KEARNEY – Ryan Teten wasn’t looking for a reason to leave the University of Louisiana at Lafayette.
He and his family were happy with life on the bayou, where Teten served as an associate dean and political science professor.
But the opportunity to return to his home state to lead the University of Nebraska at Kearney’s newly created College of Arts and Sciences was simply too good to pass up.
“My wife and I always say God sends us neon signs,” Teten said. “He’s never been subtle. The decisions have always been pretty clear.”
Teten, who was raised in eastern Nebraska and helps his family manage a 5,000-acre farm near Merna in the Sandhills, was selected in February as the inaugural dean of UNK’s College of Arts and Sciences. He assumed the position July 1, nearly a year after the college was formed by merging the colleges of Natural and Social Sciences and Fine Arts and Humanities.
“The combination of those two colleges to form the College of Arts and Sciences presents such an exciting opportunity to have these usually disparate elements merged in ways that nobody has thought of – for the good of the students,” Teten said. “I think the very conjoining of those two colleges kind of breaks down silos. Sometimes we as faculty operate only within our discipline and don’t necessarily branch out, and this college merger kind of forces a branching out or a reenvisioning.”
Teten expects to see a culture shift within the college that leads to more collaboration among departments, including interdisciplinary research projects, additional opportunities for student engagement and new programs that pull from a variety of academic areas.
“Interdisciplinary programs are going to be very important to the future of all institutions,” he said. “The trend nationally has been to start breaking apart the silos that are departments and allow students to come in and craft a path that best suits their end goal.”
Teten mentioned cyber systems, an online Bachelor of General Studies program, a systems engineering degree and a performing arts and medicine certificate as current and future programs that could fit this cross-disciplinary vision.
“These are absolutely fantastic ways to combine humanities, liberal arts and hard sciences together to make a degree that will give our students experience and knowledge that’s head and shoulders above what might come out of a program that has those rigid containments,” he said.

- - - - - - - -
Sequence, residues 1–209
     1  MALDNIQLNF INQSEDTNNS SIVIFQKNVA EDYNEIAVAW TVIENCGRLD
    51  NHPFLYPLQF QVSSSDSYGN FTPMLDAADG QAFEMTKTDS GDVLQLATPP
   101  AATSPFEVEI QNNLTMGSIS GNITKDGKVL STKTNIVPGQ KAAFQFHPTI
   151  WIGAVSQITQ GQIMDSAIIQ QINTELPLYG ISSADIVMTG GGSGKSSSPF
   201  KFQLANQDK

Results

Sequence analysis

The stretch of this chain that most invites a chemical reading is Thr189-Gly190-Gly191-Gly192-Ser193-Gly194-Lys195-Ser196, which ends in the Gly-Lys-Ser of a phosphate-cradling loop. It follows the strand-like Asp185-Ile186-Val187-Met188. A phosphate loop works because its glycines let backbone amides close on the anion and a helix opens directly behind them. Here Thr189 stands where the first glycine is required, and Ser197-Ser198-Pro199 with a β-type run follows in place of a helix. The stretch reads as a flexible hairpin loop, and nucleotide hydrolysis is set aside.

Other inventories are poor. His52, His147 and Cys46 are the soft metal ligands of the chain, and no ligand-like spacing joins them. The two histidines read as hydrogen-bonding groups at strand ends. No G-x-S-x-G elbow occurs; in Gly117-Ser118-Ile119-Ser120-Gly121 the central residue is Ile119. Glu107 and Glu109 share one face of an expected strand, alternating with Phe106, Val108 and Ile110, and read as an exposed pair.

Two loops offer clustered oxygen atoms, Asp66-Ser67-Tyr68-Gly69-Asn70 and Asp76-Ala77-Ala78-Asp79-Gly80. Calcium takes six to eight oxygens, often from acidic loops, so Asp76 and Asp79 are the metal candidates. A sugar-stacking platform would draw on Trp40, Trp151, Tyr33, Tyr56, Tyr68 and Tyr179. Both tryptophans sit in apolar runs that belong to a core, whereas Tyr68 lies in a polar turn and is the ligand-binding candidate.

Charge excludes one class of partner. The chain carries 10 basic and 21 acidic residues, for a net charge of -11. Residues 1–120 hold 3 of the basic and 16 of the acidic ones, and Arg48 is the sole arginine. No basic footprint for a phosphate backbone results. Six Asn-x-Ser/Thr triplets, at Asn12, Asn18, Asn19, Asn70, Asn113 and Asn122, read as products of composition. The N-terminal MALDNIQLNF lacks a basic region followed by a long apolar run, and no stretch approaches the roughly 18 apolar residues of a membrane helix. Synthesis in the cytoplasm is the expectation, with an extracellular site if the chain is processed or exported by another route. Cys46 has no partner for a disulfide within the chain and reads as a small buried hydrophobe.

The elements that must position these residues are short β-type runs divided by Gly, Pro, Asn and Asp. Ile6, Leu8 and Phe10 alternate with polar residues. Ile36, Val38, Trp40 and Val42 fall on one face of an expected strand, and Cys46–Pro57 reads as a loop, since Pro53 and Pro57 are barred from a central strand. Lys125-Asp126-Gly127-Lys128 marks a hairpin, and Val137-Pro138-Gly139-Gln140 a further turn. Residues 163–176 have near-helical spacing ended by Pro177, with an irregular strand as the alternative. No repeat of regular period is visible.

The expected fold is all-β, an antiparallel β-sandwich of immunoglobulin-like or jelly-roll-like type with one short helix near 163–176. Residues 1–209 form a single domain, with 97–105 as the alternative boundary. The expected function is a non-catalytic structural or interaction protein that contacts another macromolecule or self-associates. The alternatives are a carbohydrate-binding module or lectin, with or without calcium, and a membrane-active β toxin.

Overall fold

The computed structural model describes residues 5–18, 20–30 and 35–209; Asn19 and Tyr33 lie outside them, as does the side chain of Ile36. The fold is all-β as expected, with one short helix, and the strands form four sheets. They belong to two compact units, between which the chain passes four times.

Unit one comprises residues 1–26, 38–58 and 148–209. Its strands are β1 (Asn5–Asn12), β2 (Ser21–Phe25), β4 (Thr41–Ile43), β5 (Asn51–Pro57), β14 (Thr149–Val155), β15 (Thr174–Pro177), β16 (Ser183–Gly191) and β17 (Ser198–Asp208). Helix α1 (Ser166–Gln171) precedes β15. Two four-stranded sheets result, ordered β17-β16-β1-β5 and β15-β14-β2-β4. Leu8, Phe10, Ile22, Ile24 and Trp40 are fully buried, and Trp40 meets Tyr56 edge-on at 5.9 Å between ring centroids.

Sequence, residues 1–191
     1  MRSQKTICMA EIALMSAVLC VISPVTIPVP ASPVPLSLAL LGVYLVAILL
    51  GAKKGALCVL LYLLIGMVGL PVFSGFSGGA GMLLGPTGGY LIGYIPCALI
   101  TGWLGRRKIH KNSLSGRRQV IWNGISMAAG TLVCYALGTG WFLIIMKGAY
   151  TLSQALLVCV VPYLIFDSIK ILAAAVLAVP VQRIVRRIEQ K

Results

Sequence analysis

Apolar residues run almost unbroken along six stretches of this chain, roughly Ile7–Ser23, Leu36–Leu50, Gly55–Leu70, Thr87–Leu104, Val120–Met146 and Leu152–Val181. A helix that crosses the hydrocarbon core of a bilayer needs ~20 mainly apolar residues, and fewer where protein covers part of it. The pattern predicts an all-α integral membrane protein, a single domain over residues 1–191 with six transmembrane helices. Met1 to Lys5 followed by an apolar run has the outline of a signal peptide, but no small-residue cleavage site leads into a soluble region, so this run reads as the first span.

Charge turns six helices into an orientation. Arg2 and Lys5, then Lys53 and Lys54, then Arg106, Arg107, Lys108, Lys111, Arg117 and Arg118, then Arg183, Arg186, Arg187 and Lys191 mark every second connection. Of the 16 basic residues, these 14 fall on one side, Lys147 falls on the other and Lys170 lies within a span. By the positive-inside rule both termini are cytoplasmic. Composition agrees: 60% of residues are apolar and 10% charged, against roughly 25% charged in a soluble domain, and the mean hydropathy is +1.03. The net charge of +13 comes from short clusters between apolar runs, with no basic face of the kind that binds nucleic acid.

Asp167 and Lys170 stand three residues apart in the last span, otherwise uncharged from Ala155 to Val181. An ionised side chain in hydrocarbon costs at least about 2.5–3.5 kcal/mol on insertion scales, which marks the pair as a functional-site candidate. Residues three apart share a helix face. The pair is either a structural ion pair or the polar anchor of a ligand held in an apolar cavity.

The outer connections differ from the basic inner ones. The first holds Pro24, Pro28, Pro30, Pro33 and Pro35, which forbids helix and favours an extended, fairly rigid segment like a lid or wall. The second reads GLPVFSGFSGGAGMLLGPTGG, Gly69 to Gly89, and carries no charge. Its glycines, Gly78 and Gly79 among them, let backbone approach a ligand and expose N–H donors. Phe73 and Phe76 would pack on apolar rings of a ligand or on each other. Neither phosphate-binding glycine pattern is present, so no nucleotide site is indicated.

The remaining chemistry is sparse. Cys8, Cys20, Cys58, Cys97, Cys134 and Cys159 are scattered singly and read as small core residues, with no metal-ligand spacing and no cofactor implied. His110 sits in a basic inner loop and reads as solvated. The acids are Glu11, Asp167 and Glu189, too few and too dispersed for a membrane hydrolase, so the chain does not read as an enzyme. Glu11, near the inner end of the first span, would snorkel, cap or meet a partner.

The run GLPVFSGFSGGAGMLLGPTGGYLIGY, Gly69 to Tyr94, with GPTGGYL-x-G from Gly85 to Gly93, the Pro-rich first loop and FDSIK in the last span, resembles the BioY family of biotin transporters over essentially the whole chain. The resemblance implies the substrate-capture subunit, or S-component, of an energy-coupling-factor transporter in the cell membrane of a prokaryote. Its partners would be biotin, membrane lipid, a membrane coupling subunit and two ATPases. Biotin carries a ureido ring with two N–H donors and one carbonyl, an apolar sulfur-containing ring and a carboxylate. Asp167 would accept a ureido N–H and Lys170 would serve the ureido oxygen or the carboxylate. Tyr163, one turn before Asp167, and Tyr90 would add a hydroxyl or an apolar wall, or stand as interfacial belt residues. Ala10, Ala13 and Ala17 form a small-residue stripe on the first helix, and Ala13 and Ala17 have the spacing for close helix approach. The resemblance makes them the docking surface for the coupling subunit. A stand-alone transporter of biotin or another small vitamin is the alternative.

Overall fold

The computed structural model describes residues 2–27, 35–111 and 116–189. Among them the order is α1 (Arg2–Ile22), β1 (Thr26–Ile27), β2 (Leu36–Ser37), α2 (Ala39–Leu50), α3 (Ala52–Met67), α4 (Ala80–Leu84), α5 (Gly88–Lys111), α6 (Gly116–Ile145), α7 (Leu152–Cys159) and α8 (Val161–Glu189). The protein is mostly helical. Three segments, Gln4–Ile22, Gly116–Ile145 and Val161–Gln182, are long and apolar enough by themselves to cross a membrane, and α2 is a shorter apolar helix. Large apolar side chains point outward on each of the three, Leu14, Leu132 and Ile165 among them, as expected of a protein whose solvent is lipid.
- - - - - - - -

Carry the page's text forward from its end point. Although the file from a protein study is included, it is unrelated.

Plus, Teten added, many employers are looking for well-rounded graduates with a broader range of training who can evolve over time.
“Companies are preferring that ability to adapt,” he said.
Teten, who holds bachelor’s degrees in political science and English from Clemson University and a master’s and doctorate in political science from Vanderbilt University, called the “extraordinarily talented” faculty and diversity of programs the strengths of UNK’s College of Arts and Sciences.
“When you have faculty who feel supported and are excited about what they’re doing and working together for the good of the university, that trickles down to the students. And they’re going to see innumerable benefits,” Teten said. “We have an excellent opportunity to marshal all of those different strengths to become one core strength.”
The new dean also wants to ensure all of this hard work doesn’t go unnoticed.
In addition to collaborating with faculty to set “visionary” goals for each department, Teten plans to get out in the community to promote UNK and create a sense of connectivity.
“I’m the biggest cheerleader for these programs and I just cannot wait to get in front of the schools and get in front of community groups to basically yell from the rooftops about the things we’ve been doing,” he said.
Along with in-school visits, he wants to see more programs and events that bring middle and high school students from across the state to campus.
“You can’t walk across UNK’s campus without going, ‘Man, this is a great college campus. It feels right and it’s beautiful and they have these incredible programs and disciplines,’” Teten said. “That’s what’s going to be key, telling the story of Loper life in a way that focuses not only on the academics but on the strengths of Kearney, all the faculty and all the support structures we have here.”
After all, those were all important factors when Teten and his family decided to move here.
Teten, who spent four years as an assistant professor at Northern Kentucky University before joining Louisiana-Lafayette in 2008, is happy to be back in the Heartland in a vibrant, diverse community with big-city amenities and small-town charm.
“Kearney checked many of the boxes, and UNK checked all the rest,” said Teten, whose daughter Aidan attends Louisiana-Lafayette and son Alexander will begin classes this month as a broadcasting and journalism student at UNK.
Even his wife Tonya, a North Carolina native who’s never experienced a Midwest winter, is excited about their new home.
“As of now she constantly says we’re living our best life, and I really feel that way,” Teten said. “From the environment to the community to the university, it’s just been fantastic.”